I'm not clear what you're proposing. I certainly understand why a doc wants to spend more time with his/her patients, though time and attention alone are inadequate for proper treatment. It is more important what is and isn't prescribed. Dana Ullman 13:32, 28 October 2008 (UTC)

A violation of our rules

Ramanand Jhingade wrote the italicized part here: "Medical organisations advise that there is no evidence that homeopathic remedies are effective in these circumstances, and recommend that they should only ever be used in conjunction with conventional medical treatment; to this, homeopaths say that ignorant people should not comment about something they don't know about because they heal asthma and bronchitis day in and day out successfully - they also point to a study where a homeopathic remedy has been used to shorten the duration of acute bronchitis."

I believe this contains a serious breach of our rules. It is problematic enough to say on talk pages that your opponents are "ignorant," but to put the insult into the article itself is distinctly unprofessional. I'll be addressing this further in e-mail with Mr. Jhingade. --Larry Sanger 03:12, 26 October 2008 (UTC)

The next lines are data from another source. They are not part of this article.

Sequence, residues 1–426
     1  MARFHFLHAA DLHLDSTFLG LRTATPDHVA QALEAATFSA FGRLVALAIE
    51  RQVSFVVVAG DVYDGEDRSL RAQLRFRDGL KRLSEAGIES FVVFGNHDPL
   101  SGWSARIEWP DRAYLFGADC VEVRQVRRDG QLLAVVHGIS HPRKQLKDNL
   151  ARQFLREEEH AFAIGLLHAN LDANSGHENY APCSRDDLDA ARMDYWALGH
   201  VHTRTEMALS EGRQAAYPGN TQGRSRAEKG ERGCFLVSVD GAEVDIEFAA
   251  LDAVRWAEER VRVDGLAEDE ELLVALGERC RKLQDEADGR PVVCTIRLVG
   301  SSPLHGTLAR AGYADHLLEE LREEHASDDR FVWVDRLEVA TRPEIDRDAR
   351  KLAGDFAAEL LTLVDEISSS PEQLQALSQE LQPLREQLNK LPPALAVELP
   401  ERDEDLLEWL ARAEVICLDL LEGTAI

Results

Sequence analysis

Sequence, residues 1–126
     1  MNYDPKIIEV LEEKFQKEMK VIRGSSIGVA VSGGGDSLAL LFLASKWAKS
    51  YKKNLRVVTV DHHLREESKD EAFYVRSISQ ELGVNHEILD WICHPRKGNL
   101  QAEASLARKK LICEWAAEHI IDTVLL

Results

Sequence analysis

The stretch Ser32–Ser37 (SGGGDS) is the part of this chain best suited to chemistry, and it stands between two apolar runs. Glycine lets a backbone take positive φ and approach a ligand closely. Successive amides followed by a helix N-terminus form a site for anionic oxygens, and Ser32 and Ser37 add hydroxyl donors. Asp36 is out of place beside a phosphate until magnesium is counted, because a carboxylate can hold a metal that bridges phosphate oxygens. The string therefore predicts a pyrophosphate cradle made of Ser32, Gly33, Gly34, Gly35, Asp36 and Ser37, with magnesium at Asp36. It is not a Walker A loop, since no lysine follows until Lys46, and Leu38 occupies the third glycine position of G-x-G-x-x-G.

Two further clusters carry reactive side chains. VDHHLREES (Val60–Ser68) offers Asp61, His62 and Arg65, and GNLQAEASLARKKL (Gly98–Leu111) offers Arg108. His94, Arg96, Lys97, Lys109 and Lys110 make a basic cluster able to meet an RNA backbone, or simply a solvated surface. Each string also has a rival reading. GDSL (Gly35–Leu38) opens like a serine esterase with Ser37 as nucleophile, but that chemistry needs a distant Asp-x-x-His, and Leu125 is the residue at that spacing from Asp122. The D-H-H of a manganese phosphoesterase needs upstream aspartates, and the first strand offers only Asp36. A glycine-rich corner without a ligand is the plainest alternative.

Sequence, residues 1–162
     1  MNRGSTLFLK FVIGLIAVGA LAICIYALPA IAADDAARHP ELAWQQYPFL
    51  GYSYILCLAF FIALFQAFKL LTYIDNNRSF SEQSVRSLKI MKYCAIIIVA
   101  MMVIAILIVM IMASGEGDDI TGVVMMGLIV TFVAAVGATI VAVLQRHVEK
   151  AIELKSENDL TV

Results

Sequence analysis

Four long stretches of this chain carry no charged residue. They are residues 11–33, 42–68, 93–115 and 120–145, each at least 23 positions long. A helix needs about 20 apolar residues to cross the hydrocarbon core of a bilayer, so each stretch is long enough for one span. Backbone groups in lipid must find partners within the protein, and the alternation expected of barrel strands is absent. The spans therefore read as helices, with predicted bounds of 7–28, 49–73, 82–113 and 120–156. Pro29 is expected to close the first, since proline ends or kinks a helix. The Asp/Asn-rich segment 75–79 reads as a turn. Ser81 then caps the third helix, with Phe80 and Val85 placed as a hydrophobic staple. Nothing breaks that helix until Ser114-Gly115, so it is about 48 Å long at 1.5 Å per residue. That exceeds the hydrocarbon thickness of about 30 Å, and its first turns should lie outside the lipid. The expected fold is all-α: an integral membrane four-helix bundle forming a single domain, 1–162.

What's really frustrating is that many of the questions relating to these issues are ignored on the talk page itself. This problematic sentence is a clear instance where it needs to be resolved on the talk page first. To keep editing such a sentence in the article when there is clearly objections from both sides is not contructive. Let alone throwing out insults too. Chris Day 16:56, 26 October 2008 (UTC)
I have written to Ramanand too to express my desire that he be a lot more diplomatic and respectful to everyone on CZ. I simply ask us all to not tolerate abuse but at the same time to try to sympathetic to those of us different experiences from the majority. Dana Ullman 01:48, 28 October 2008 (UTC)

The Introduction

IMO Howard added a bunch of stuff that didn't seem appropriate for the Introduction. I have made some edits and am open for discussion. We previously had some other material here that was quite balanced, but it isn't there anymore. Perhaps we can begin to resurrect it because it now needs work. That sentence about mainstream medicine is simply dangling (and I have no intention of deleting it). Dana Ullman 23:07, 26 October 2008 (UTC)